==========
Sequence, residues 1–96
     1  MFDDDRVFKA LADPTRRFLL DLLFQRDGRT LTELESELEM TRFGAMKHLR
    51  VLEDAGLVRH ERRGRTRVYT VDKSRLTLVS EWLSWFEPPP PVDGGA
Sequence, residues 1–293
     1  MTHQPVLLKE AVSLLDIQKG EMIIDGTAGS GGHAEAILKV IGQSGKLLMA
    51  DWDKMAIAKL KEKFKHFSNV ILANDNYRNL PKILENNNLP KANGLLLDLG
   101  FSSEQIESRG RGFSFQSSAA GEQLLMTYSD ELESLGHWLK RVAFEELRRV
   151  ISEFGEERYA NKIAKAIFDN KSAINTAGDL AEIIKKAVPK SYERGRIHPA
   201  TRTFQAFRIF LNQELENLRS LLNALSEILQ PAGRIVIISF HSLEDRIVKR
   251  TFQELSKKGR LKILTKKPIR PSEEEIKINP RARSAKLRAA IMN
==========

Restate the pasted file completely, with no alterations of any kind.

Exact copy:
Sequence, residues 1–96
     1  MFDDDRVFKA LADPTRRFLL DLLFQRDGRT LTELESELEM TRFGAMKHLR
    51  VLEDAGLVRH ERRGRTRVYT VDKSRLTLVS EWLSWFEPPP PVDGGA
Sequence, residues 1–293
     1  MTHQPVLLKE AVSLLDIQKG EMIIDGTAGS GGHAEAILKV IGQSGKLLMA
    51  DWDKMAIAKL KEKFKHFSNV ILANDNYRNL PKILENNNLP KANGLLLDLG
   101  FSSEQIESRG RGFSFQSSAA GEQLLMTYSD ELESLGHWLK RVAFEELRRV
   151  ISEFGEERYA NKIAKAIFDN KSAINTAGDL AEIIKKAVPK SYERGRIHPA
   201  TRTFQAFRIF LNQELENLRS LLNALSEILQ PAGRIVIISF HSLEDRIVKR
   251  TFQELSKKGR LKILTKKPIR PSEEEIKINP RARSAKLRAA IMN